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Deliberate progress: Why we celebrate the Congressional Black Caucus

Evelyn Bethune, Sheila Jackson Lee, James Clyburn
AP Photo/Jacquelyn Martin
Evelyn Bethune, front left in yellow, a granddaughter of Mary McLeod Bethune, speaks with Rep. Sheila Jackson Lee (D-Texas) as members of the Congressional Black Caucus gather around an unveiled statue of Mary McLeod Bethune, the first statue of a Black woman in Statuary Hall in the Capitol, on July 13, 2022.

“Behold the turtle. He makes progress only when he sticks his neck out.” — James Bryant Conant

In 1971 a lot of amazing things happened. Among them, Americans ratified the 26th Amendment to our Constitution, lowering the voting age to 18. The New York Times began publishing “The Pentagon Papers.” Disney World opened in Orlando, Fla. A U.S. ban on radio and television cigarette advertisements went into effect. Nasdaq debuted on the New York Stock Exchange. And Charles Manson and three of his followers were found guilty of seven murders.

Into that environment of a shifting America, 13 visionary men and women came together to found the Congressional Black Caucus (CBC). Imagine what that must have been like.

Now, remember, this was only seven years after the Civil Rights Act outlawed discrimination on the basis of race, color, religion, sex or national origin. It was only six years after the Voting Rights Act gave the federal government enough teeth to end literacy tests, poll taxes and the racist infrastructure that had suppressed the Black vote since the Civil War. 

It was only six years after Selma and Bloody Sunday, and only three years since Martin Luther King Jr. was gunned down in Memphis — but these remarkable leaders still stepped forward. What courage that took.

As we look back now, it’s easy to write off progress as inevitable. But the reality is, in politics as in physics, Newton’s “First Law of Motion” holds sway. An object at rest will stay at rest — unless acted upon.

But it wasn’t just action the CBC brought to bear. It was its deliberate action.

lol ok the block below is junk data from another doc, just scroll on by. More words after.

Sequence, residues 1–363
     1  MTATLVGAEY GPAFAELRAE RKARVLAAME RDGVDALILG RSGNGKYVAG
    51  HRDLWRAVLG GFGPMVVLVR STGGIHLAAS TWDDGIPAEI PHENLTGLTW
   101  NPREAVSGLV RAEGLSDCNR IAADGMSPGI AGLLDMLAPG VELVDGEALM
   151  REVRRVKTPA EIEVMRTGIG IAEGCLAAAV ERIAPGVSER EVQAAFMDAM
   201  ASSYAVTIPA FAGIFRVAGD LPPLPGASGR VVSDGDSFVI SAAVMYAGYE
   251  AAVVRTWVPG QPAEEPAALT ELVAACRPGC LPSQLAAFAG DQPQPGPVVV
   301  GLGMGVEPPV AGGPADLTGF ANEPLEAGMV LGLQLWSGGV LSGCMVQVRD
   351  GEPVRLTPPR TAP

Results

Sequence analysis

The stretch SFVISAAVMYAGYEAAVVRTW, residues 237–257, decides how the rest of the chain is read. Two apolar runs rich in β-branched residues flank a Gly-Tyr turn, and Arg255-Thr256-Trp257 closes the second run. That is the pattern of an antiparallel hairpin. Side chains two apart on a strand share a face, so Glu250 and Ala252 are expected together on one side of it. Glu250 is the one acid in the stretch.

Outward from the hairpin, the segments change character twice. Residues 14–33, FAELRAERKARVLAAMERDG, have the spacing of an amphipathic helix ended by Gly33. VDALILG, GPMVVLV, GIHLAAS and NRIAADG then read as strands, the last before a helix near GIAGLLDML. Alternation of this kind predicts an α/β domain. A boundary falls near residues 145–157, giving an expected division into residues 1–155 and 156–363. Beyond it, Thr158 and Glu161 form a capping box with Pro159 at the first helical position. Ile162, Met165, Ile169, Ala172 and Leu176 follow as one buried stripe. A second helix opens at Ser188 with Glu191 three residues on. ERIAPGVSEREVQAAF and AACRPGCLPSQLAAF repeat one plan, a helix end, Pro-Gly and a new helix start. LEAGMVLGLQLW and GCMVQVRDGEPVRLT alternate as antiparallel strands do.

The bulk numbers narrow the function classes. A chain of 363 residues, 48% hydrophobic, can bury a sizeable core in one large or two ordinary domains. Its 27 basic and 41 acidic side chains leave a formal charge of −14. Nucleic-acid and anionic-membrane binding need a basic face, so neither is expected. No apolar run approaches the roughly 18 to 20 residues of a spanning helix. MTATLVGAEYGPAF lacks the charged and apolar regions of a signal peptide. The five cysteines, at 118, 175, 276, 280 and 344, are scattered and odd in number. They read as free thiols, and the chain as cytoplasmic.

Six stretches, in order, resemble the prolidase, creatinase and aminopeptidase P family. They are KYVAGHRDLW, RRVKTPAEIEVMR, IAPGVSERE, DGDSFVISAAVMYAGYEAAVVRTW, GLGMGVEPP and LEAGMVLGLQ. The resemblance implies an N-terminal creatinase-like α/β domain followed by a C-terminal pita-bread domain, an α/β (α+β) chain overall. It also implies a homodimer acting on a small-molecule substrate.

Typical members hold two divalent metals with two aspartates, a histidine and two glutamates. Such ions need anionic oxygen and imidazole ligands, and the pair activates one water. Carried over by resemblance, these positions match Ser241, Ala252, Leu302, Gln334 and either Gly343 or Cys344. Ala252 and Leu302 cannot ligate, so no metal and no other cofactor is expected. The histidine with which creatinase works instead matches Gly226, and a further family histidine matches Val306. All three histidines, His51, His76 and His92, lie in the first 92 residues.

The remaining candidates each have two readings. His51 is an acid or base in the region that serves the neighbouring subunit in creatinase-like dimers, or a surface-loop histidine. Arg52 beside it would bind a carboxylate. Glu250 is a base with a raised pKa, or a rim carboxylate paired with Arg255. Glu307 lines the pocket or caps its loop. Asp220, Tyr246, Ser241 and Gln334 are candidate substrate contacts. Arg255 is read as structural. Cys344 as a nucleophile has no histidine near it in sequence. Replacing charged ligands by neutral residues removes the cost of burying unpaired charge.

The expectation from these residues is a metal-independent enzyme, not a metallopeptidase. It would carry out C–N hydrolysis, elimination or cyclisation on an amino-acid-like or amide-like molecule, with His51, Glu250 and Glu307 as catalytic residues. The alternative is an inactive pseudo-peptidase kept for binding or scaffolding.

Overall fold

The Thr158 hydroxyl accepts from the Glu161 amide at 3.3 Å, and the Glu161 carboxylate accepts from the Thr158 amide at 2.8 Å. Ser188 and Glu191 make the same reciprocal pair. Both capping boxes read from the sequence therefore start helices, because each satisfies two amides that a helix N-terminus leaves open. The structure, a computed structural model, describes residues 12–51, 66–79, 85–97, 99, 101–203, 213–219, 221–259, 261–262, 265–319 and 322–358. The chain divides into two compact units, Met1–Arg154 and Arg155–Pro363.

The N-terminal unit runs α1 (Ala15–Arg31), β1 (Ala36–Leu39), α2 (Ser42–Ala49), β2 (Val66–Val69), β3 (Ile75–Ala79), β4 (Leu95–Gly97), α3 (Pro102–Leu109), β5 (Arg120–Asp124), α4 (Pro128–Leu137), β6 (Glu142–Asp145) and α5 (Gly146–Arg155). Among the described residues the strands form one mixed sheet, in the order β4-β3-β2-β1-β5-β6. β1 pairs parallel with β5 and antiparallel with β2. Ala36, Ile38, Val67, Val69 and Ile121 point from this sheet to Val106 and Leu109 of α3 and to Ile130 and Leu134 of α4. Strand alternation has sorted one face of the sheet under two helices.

History shows us that the CBC led the way on equal pay and affordable housing, though they did that. The CBC has defended our bedrock principle — that no one is above the law — as some of the first members of Congress to call for President Nixon’s impeachment.

The CBC has stood as the “Conscience of the Congress” for more than 50 years, helping stamp out apartheid, protecting homeowners from foreclosure, expanding health care and rebuilding the Gulf Coast after Hurricane Katrina — they did all that and more.

The fact is, the CBC has never faltered in its mission. Like the turtle, it’s willing to stick its neck out for the sake of progress — for Americans. The caucus members have defined leadership.  

This caucus, led by Chairwoman Joyce Beatty, has 57 members across the House and Senate, one of the largest CBC memberships in history. Three members serve in House leadership positions —  Majority Whip James Clyburn (D-S.C.), House Democratic Caucus Chair Hakeem Jeffries (N.Y.) and House Democratic Steering and Policy Committee Co-Chair Barbara Lee (Calif.).

Moreover, this CBC claims an additional six full committee chairs: Congresswoman Maxine Waters (D-Calif.) on Financial Services; Congressman Bobby Scott (D-Va.) on Education and Labor; Congressman David Scott (D-Ga.) on Agriculture; Congressman Gregory Meeks (D-N.Y.) on Foreign Affairs; Congressman Bennie Thompson (D-Miss.) on Homeland Security; and Congresswoman Eddie Bernice Johnson (D-Texas) on Science, Space and Technology. 

Thompson chaired the House Special Committee on January 6th, and Clyburn chaired the House Select Subcommittee on the Coronavirus Crisis.   

What has such leadership delivered? I shouldn’t have to remind anyone, but here goes:  

  • This CBC secured historic investment in Historically Black Colleges and Universities (HBCUs), along with roughly $100 billion in federal contracts for small, disadvantaged and Black-owned businesses. 
  • This CBC successfully pushed to ban chokeholds and no-knock warrants by federal law enforcement. 
  • This CBC supported the Biden administration’s efforts to aggressively combat housing discrimination, protect Black-owned home values, and cap the price of insulin. 
  • Important to note, this CBC led the way to secure $15 billion in dedicated Environmental Protection Agency funding to replace lead water pipes across the nation, and $65 billion to make high-speed broadband accessible and affordable to all Americans.

In order words, these CBC members have put their shoulders to the wheel, driving the president’s agenda across the finish line and helping to pass major legislation such as the American Rescue Plan Act, the Infrastructure Investment and Jobs Act, the PACT Act, the most sweeping gun safety law in decades, and the Inflation Reduction Act, a climate, tax and health care package. Of course, this is not an exhaustive list — and definitely not the end, because this CBC will continue to do the work that’s necessary. 

Let’s be clear: The CBC not only has taken up the mantle left by the passing of Rep. John Lewis as “Conscience of the Congress,” but also has stepped forward as the conscience of our country — and our Constitution.

“Behold the turtle. He makes progress only when he sticks his neck out.”

Antjuan Seawright is a Democratic political strategist, founder and CEO of Blueprint Strategy LLC, a CBS News political contributor, and a senior visiting fellow at Third Way. Follow him on Twitter @antjuansea.

Tags Biden agenda Charles Manson Congressional Black Caucus conscience of Congress Democratic Party

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